Sugar first crop pushed back to February

Even as uncertainty continues to hover over the industry, the Guyana Sugar Corporation has pushed back the start of the first crop to February.

GuySuCo was aiming to get back into the fields by mid-January which is the customary start of the first crop.

Chief Executive Officer of GuySuCo, Paul Bhim, told Stabroek News on Monday that the corporation will also have to deal with approximately 200,000 tonnes of cane still in the fields at Enmore and Skeldon.

He noted that this large amount of cane will significantly compromise 2014’s first and second crops because the canes would have matured significantly before being harvested which will result in a lower sugar yield. Bhim noted that while GuySuCo will have to contend with the rollover of 2013 cane to 2014, management has taken this into consideration while organising the projected 2014 sugar target.

The target will be finalised sometime by the end of January, Bhim stated. He said that moving forward into 2014, GuySuCo had to be better prepared for the first crop. He acknowledged that capital will continue to be a major issue, but said that the corporation has to “ensure the fertiliser is on time, weed control and chemical weed control had to be done in intervals and getting the cane to the factories in better time,” were priorities for the first crop.

Bhim told Stabroek News that “we also have to get our drainage in order. Those are some of the routine things that we will do…we will continue to do. These are continuous things that we are always doing.”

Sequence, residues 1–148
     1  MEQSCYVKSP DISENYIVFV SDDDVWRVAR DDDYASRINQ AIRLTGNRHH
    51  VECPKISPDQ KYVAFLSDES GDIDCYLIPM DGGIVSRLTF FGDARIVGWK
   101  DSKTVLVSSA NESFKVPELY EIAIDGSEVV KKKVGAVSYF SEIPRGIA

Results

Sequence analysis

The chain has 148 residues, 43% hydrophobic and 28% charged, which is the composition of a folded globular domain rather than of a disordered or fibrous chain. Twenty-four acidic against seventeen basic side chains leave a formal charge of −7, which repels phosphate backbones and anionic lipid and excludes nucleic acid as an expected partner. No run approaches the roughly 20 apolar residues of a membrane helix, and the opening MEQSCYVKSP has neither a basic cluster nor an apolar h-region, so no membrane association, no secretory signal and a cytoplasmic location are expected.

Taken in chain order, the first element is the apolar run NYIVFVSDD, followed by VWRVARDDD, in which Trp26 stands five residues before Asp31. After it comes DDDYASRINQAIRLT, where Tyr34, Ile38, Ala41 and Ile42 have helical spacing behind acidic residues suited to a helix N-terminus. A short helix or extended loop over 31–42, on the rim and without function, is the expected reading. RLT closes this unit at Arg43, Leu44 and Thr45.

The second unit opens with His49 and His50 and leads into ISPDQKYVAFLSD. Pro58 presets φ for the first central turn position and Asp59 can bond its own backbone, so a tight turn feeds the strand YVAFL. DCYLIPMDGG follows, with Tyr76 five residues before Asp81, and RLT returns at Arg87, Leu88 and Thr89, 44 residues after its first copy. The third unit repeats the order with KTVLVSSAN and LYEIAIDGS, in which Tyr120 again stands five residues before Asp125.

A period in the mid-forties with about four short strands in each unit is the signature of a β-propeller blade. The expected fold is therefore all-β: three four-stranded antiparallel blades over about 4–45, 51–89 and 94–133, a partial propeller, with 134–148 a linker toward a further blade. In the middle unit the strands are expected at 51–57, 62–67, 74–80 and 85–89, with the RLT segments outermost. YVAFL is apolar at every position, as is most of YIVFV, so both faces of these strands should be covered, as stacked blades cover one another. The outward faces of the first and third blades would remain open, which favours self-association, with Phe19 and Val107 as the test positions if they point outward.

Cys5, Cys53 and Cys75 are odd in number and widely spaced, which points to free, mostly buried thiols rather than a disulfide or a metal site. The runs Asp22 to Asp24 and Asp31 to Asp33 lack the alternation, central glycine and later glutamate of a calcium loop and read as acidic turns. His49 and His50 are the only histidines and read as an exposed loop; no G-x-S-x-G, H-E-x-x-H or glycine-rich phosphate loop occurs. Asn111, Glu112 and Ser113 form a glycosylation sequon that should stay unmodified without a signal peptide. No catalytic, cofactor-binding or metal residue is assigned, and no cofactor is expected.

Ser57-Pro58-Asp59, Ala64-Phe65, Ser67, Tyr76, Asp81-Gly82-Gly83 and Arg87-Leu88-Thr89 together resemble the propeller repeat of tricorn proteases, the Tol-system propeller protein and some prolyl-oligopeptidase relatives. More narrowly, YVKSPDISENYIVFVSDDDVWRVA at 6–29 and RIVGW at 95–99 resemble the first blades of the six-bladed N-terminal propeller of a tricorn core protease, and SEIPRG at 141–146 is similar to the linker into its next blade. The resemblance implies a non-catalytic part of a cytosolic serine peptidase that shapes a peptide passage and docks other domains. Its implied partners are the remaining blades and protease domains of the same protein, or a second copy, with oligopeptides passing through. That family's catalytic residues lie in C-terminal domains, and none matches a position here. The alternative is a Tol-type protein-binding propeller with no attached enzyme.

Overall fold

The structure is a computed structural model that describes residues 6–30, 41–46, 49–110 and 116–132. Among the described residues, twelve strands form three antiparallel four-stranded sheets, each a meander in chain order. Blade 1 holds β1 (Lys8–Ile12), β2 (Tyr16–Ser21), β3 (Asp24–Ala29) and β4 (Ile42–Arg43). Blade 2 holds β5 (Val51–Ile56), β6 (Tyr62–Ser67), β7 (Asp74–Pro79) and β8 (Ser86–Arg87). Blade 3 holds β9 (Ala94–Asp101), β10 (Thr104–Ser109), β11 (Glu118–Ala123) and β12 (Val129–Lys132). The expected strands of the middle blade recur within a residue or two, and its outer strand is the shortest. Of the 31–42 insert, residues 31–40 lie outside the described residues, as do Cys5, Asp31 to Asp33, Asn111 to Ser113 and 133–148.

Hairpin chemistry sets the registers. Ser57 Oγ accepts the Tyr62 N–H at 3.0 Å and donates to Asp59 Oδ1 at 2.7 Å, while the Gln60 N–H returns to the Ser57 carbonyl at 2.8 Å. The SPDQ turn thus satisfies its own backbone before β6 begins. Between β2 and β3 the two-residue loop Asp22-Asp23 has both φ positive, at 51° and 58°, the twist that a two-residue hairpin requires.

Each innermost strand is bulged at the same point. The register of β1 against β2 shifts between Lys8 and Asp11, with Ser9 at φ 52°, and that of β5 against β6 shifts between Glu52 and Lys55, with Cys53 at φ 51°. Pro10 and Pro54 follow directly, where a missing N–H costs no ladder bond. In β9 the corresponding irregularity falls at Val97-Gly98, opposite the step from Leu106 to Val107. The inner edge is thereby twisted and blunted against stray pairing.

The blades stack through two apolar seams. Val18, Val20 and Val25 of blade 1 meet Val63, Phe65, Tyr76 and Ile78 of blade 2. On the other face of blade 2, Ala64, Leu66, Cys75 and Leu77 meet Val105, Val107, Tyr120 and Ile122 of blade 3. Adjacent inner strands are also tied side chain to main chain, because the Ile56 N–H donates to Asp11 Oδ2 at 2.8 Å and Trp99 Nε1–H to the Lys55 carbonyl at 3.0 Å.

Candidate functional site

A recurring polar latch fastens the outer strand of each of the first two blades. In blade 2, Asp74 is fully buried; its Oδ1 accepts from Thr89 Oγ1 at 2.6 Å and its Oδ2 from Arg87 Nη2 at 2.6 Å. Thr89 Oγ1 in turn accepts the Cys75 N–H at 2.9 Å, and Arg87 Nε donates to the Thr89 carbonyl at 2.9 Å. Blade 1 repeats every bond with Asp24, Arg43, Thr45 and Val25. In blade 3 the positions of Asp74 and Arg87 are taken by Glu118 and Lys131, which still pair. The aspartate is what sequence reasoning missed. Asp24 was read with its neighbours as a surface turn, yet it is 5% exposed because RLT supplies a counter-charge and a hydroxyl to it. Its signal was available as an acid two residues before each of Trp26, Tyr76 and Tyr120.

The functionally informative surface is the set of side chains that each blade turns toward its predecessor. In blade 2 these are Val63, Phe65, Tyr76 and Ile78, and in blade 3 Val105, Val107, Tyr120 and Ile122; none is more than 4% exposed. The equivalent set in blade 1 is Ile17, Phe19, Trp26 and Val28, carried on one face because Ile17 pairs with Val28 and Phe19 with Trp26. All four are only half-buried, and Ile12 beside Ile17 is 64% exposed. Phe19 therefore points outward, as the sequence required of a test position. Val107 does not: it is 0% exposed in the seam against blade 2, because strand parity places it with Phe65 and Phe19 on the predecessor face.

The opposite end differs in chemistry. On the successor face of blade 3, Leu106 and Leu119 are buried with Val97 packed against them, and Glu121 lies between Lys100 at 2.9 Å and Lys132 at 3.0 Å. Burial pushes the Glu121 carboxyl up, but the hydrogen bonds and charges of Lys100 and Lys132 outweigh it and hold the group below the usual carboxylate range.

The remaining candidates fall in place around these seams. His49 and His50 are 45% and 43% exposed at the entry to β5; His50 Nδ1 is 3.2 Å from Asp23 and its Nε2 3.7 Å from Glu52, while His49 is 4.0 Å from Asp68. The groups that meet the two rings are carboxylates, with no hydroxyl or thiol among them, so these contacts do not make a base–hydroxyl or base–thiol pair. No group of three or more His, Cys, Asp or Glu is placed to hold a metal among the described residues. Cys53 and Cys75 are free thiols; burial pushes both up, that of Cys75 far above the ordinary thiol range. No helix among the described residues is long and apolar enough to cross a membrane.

He said that GuySuCo’s Strategic Plan’s 2014 projection may be tweaked and that the current cane that had to be rolled over into this year would need to be factored into the new projection. The Strategic Plan 2013’s sugar figure was  set at 203,000 tonnes although by the time the plan was completed in July the first crop for 2013 had recorded a dismal 48,000 tonnes, the lowest ever first crop in the corporation’s history. The plan wasn’t released until September 2013 well into the second crop.

The Plan states that GuySuCo is expected to produce over 278,000 tonnes of sugar in 2014. The production for 2013 was 186,000 tonnes, the lowest output in 22 years and in the tenure of the PPP/C governance.  Analysts therefore say that 278,000 tonnes would be an optimistic figure for 2014.

For 2013, GuySuCo adjusted its target, lowering it by over 15%, settling on 203,000 tonnes compared to 240,000 tonnes.  It eventually only made 90% of the tonnage of the adjusted target.

Head of GAWU, Komal Chand spoke with Stabroek News on Monday and stated that GuySuCo had been hoping to continue the 2013 crop into January of 2014, but that idea was scrapped.

He said that going into 2014 GuySuCo had to be more accountable and that tangible infrastructural changes had to be in place for well over six months now to ensure that some of the issues facing the industry could be corrected for the 2014 crop. Chand stated that the corporation would have had to start putting in place mechanisms to ensure that key issues were kept in order. He stated that for 2013 the state of the fields and poor agronomic care were highlighted continuously and that GuySuCo should have put measures in place to ensure that the condition of the land was addressed and that rehabilitation was underway.

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